Cowley Peachey, Hillingdon
The southern side of Cowley – part commercial, part council-built – and the site of a junction on the Grand Union Canal
Westminster Abbey owned an estate here at the time of Domesday Book and this was granted to Bartholomew Peachey in 1252. When a settlement grew up in the later Middle Ages it took the name of the manor. Two timber-framed houses survive, perhaps from the 16th century.
The Grand Junction Canal (as it was first called) came through Cowley Peachey in the mid-1790s. A packet boat service ran to Paddington for a while, giving its name to a pub and the lane that crossed the canal. The Slough branch of the canal was one of the last to be built in Britain. Opened in 1883, it provides five miles of lock-free waterway along an almost straight line into the centre of Slough.
In the early 20th century Cowley Peachey was used as a dumping ground for silt dredgings taken from the canal, while a few factories appeared along the bank. By 1910 ribbon development connected the village with Uxbridge, via Cowley. Uxbridge borough council built an estate of grey terraced houses here in the mid-1950s.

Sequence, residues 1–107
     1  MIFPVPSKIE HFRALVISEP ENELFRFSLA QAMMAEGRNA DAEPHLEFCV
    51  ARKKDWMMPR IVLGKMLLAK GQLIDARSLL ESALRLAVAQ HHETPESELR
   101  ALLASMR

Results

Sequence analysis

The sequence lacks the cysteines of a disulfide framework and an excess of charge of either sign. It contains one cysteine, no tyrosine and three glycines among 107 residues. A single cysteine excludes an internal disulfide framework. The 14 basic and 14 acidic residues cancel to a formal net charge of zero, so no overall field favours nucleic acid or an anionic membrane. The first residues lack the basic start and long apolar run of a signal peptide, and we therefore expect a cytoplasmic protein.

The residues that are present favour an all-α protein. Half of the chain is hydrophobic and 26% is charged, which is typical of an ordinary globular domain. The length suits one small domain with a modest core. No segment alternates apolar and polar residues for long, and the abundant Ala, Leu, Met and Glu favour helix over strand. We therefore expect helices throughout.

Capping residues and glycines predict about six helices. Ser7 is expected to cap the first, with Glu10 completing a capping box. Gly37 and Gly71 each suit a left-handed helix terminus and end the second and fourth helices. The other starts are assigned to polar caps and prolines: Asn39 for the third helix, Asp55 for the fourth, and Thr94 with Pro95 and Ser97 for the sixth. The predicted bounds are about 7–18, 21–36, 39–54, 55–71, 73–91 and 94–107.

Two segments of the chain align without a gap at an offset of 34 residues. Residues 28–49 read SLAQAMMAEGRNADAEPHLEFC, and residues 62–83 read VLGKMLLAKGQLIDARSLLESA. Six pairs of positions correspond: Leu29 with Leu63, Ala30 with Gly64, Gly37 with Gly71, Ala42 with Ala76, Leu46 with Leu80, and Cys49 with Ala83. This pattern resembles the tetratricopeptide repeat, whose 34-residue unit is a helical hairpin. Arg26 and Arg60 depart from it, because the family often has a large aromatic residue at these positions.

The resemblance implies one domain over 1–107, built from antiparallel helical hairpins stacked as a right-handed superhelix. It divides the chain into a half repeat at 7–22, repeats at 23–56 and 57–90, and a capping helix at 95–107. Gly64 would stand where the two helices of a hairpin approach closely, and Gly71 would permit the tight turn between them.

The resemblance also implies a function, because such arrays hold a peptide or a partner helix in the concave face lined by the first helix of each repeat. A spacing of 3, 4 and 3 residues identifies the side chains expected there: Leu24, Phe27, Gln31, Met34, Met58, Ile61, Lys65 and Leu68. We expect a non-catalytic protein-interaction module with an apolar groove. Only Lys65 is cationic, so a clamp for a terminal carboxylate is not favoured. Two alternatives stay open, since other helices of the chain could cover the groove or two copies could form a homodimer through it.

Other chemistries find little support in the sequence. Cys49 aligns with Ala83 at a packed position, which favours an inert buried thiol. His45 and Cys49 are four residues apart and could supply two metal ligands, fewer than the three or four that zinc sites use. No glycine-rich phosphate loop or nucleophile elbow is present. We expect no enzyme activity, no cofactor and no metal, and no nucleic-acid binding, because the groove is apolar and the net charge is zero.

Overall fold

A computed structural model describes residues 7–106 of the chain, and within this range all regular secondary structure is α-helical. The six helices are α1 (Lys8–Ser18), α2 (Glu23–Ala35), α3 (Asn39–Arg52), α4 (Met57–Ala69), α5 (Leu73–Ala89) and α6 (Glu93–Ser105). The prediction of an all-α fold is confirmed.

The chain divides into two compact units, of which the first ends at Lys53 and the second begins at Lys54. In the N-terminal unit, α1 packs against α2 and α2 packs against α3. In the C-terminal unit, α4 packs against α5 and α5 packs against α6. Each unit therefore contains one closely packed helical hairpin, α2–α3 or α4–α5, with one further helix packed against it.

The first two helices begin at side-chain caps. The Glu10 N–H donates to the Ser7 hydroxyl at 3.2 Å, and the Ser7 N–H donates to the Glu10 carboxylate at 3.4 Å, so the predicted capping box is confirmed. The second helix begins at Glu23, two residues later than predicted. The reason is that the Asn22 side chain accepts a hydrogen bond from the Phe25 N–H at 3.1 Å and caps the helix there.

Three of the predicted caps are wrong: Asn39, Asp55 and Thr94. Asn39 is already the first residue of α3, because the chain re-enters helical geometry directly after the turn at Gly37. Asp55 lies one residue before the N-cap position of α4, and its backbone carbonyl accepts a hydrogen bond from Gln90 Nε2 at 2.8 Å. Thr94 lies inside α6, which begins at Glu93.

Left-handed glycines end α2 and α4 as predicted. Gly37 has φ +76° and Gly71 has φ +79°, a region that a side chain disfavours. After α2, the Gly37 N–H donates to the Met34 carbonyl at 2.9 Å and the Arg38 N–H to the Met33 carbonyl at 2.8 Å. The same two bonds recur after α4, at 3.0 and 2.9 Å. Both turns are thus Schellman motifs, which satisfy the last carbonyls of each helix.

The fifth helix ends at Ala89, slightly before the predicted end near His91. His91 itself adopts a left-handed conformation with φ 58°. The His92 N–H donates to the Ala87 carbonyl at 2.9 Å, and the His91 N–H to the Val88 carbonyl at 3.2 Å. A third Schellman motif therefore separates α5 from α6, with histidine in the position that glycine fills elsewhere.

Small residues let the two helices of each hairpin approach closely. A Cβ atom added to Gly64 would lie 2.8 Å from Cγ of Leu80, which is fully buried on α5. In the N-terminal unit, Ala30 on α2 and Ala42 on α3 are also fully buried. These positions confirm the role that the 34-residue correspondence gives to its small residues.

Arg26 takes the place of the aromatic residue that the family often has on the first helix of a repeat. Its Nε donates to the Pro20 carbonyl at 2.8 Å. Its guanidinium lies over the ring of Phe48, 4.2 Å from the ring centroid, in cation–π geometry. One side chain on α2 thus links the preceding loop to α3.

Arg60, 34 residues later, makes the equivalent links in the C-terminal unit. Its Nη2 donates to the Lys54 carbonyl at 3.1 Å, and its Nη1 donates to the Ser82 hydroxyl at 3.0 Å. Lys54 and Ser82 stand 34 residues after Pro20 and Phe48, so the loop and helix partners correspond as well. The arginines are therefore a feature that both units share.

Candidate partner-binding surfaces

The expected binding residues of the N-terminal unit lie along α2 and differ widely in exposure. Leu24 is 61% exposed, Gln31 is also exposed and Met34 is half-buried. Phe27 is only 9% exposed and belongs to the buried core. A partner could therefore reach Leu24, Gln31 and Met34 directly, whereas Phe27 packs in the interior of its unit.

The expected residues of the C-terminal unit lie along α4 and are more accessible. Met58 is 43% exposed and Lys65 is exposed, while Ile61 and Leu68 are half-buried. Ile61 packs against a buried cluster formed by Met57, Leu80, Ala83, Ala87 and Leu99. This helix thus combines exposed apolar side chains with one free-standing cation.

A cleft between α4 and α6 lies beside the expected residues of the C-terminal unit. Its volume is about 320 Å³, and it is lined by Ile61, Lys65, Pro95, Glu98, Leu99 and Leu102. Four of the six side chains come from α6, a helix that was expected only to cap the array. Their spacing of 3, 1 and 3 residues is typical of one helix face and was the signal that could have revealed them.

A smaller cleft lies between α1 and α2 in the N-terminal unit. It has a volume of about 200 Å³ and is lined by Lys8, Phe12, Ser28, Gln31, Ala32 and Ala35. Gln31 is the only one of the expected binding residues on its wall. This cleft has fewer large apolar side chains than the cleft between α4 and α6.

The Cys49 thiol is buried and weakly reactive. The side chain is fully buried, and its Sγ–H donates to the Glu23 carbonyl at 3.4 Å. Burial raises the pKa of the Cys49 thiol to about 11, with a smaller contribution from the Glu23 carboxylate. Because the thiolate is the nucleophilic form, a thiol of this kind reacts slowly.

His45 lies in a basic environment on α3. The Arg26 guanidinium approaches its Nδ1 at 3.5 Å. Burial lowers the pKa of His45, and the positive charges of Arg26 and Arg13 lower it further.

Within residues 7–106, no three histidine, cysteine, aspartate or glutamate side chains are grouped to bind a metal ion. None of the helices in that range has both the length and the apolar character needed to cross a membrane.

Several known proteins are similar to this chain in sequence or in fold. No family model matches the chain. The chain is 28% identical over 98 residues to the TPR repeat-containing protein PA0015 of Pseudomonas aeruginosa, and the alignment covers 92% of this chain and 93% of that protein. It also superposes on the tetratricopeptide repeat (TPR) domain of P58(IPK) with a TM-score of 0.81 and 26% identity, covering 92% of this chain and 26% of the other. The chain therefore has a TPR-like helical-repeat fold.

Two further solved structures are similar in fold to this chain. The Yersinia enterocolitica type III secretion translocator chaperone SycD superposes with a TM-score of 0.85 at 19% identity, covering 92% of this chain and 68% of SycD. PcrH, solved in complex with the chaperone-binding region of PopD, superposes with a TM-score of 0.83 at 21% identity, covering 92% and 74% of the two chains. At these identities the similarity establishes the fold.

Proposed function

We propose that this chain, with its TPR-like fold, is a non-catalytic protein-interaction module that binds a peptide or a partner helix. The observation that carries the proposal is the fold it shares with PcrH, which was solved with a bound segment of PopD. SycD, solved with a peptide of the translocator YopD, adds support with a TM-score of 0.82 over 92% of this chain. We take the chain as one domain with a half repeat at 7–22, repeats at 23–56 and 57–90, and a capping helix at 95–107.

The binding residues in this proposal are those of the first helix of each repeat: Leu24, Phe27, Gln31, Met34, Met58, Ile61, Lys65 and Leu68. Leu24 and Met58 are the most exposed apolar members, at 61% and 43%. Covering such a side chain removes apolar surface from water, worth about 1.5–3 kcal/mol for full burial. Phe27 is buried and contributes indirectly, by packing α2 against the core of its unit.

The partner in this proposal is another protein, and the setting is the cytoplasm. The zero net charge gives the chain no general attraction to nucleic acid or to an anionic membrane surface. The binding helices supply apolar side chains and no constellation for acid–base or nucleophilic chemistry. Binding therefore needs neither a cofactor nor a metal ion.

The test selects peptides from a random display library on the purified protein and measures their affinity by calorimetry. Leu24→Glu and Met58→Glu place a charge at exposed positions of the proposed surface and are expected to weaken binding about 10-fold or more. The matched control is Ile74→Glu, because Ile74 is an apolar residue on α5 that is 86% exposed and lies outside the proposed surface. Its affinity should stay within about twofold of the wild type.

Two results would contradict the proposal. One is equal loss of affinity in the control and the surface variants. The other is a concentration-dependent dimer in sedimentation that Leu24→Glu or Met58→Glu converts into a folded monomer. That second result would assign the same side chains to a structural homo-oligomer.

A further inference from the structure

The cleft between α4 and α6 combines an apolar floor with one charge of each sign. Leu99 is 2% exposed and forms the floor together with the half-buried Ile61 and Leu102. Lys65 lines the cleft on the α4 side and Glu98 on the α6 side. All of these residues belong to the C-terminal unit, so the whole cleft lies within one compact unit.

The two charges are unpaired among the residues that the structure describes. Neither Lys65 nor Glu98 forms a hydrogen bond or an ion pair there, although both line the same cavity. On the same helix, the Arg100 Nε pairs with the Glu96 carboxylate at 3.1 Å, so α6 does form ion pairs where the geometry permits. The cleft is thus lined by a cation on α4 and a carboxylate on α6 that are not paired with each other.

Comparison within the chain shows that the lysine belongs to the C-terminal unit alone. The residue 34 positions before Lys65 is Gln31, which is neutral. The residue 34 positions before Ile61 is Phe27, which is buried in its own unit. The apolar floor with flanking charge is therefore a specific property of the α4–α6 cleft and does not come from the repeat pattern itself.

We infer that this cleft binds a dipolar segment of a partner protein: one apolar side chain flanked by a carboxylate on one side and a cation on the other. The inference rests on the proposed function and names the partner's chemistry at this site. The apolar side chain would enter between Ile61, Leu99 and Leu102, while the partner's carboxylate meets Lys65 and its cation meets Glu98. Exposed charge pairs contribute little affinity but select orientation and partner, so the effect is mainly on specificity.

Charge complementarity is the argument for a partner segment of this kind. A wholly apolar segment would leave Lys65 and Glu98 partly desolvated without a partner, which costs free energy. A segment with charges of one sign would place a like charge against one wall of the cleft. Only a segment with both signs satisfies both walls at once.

During the 1970s, soil, sand and gravel extraction eroded the land beside the canal, which rapidly became an eyesore as opportunists exploited it for fly-tipping. Cowley Peachey was formally designated a contaminated site in the 1980s. British Waterways subsequently cleaned it up and created a 120-berth marina with associated amenities for boat users, a visitors’ centre and an urban park. The £3.5 million project was completed in 2002 and the site incorporated the pre-existing Turning Point pub and restaurant, since renamed the Waters Edge.
Postcode area: Uxbridge UB8
* The picture of the narrowboat near Packet Boat Marina on this page is adapted from an original photograph, copyright Derek Harper, at Geograph Britain and Ireland, made available under the Attribution-ShareAlike 2.0 Generic Licence. Any subsequent reuse is hereby freely permitted under the terms of that licence.
A one-bedroom Arabic palace of Victorian art in Kensington.
An unexpected treat in an undistinguished district.
Probably London’s most dazzling church interior.
This ‘town within a city’ is a magnet for military history buffs.
Browse among dishes, decanters, candlesticks and cutlery.
See the two most powerful pumping engines in Europe.